skilled," Hanlon said. "They'll
know exactly what they're doing,
I'msure."
Hanlon also granted some
advice, stressingthe importance of
facilitating the vast resources the
University offers.
"We have terrific students, and
we have terrific faculty and we've
got the human resources talent to
beat any place," Hanlon said. "It's
really a question of opportunity to
take all thisbrainpowerandtalent
and really take this place to per-
form at aneven higher level than it
has been."

TRADING
From Page4C
owner, is implicated in the
scheme.
The SEC alleged that Mar-
toma collaborated with CR
Intrinsic's portfolio manag-
er, known as "Portfolio Man-
ager A," who is identified as
the founder and owner of
"Investment Adviser A" --a
firm which is also alleged
to have benefited from the
scheme - and CR Intrin-
sic. The Wall Street Journal
reported that people close to
the investigation have iden-
tified Cohen as "Portfolio
Manager A."
Officials at SAC Capital
Advisors told investors in a
conference call Wednesday
the company may face civil
charges for its alleged role
in the scheme, though the
company denies the charges.
The SEC reportedly sent the
company a Wells notice, a
document which implicates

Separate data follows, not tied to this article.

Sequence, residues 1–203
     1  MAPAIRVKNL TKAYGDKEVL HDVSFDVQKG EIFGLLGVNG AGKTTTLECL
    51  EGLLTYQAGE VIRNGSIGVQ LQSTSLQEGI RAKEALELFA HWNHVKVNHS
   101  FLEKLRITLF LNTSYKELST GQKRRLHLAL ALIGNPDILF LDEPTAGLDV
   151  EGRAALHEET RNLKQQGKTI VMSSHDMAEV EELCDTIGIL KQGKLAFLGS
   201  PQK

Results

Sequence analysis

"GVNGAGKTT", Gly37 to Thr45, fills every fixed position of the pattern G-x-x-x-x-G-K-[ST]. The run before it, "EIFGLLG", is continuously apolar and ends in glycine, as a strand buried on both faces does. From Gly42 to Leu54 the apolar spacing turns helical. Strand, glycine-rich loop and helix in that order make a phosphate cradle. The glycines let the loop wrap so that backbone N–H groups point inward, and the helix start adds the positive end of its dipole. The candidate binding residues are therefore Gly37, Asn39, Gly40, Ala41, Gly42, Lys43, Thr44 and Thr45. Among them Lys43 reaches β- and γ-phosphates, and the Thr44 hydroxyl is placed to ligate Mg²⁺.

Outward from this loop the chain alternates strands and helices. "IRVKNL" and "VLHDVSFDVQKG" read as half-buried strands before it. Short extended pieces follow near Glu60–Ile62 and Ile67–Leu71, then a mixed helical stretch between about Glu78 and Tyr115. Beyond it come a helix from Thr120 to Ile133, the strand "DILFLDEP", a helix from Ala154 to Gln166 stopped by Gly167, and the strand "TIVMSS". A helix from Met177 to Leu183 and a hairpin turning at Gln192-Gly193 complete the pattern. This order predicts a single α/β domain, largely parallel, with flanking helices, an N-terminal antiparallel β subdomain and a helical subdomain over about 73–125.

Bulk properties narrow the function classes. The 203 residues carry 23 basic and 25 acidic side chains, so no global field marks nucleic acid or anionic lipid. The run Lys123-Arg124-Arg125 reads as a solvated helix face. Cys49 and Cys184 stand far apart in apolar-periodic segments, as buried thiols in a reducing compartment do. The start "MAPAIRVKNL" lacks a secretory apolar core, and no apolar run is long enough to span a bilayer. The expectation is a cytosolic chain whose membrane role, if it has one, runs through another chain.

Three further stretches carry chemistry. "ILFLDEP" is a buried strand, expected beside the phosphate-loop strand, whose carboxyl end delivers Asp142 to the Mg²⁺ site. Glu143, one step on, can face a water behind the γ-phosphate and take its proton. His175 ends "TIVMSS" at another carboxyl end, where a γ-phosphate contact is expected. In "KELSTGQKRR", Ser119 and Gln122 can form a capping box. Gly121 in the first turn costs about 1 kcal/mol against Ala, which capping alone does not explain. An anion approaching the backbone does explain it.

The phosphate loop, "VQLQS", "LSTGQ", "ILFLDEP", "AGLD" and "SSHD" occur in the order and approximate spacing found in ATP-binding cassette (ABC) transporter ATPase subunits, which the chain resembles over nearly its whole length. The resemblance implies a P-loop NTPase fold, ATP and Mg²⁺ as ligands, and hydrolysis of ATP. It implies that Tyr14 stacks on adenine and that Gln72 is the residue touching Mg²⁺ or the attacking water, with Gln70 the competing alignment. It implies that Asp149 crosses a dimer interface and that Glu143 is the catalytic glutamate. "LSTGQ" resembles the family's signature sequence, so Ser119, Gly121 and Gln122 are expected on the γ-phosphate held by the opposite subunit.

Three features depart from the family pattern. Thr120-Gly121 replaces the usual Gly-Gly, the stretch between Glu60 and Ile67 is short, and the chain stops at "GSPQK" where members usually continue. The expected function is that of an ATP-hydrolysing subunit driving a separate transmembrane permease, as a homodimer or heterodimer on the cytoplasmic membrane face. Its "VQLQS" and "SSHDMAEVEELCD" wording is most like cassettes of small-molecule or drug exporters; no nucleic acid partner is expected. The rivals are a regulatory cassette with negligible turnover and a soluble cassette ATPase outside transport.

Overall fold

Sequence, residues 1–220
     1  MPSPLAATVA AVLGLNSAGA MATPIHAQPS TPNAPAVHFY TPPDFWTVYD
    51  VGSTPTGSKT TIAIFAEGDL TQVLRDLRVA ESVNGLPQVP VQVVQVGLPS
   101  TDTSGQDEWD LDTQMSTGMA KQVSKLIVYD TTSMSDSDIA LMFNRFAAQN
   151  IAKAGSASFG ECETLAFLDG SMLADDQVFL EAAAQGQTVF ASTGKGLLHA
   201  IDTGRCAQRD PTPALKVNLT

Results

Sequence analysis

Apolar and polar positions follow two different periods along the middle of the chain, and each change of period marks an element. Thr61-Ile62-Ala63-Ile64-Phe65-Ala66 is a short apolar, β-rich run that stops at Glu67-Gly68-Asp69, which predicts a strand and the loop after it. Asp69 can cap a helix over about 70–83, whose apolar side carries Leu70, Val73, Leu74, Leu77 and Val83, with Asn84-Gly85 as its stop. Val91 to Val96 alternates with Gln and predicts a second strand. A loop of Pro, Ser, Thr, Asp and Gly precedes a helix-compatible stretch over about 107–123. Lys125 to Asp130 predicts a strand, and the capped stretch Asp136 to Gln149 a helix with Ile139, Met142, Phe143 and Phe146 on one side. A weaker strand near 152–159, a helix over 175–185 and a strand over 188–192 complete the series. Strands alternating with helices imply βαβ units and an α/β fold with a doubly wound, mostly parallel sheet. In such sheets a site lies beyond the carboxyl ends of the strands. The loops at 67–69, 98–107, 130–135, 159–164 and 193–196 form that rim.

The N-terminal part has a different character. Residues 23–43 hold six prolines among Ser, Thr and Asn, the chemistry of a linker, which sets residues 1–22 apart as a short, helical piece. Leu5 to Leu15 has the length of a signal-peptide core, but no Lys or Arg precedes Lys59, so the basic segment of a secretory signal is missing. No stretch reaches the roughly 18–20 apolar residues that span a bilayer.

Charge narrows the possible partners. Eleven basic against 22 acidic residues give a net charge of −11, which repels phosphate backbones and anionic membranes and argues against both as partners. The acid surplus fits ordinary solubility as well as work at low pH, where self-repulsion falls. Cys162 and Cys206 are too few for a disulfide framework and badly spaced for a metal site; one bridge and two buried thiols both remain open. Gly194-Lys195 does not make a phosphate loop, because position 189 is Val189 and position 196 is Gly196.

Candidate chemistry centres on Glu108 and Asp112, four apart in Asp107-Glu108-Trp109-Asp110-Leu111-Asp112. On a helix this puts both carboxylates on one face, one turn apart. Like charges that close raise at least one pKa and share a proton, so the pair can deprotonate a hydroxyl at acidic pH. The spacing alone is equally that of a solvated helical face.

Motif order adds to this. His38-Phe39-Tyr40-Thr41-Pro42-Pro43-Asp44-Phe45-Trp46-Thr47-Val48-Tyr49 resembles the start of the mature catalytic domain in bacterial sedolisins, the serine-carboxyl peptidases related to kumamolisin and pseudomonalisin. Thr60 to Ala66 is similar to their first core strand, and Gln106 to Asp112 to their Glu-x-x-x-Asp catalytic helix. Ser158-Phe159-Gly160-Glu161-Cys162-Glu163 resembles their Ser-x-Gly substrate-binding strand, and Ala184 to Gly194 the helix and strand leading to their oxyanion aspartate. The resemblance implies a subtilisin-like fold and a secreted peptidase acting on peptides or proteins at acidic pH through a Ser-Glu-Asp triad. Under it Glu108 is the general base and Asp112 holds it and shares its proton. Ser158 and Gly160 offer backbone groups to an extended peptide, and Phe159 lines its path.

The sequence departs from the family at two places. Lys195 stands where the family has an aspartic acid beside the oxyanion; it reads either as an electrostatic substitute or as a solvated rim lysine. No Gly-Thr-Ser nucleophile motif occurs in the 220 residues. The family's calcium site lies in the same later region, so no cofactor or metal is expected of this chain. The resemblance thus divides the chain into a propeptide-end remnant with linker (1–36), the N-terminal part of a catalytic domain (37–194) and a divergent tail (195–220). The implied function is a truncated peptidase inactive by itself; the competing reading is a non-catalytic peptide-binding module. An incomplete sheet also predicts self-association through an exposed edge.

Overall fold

that the SEC is preparing a
potential suit.
LIKE WHAT
YOU'RE
READING?
Read current
articles online at
michigandaily.com

GRADUATES
From Page 5C
LSA graduate Brielle Edwards,
who is taking a year to work at a
law firm before graduate school,
said she knows her University
degree will ensure her a place in a
top law school.
"Iknowthatalotoflawschools,
when they see the name U of M;it
rings bells,"Edwards said. "Ithink
that'll benefit me in numerous
ways ... I feelveryexcited."

Kinesiologysenior JahredRapin
said he is staying in Ann Arbor to
jointhe NewLife Churchto"spread
thegoodnews" aftergraduation.
"I've had more life experiences
... that have prepared me for what
I'mabout to do," Rapin said.
As students and families left
Crisler, continuing on to cel-
ebratory dinners and uncertain
futures, President Coleman's part-
ing words were still present in the
minds - and hearts--of many.
"Fortoday,goodbye. Fortomor-
row,good luck. Forever, goblue."

CAMPUS
RESOURCES

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734-764-INFO
info meh.du
oampusinfo.umith.edu
Lroat e t the ihian 9nin andPmarp*ntcommon
Ei UM Campus
Information
Centers
.umohoampusn

Looking to play in a
GREAT orchestra,
without all the stress?
Then come check out the
Michigan Pops!
MASS MEETING
Wednesday, September 11th
7:00 PM
Anderson Room, Michigan Union
'4 R<--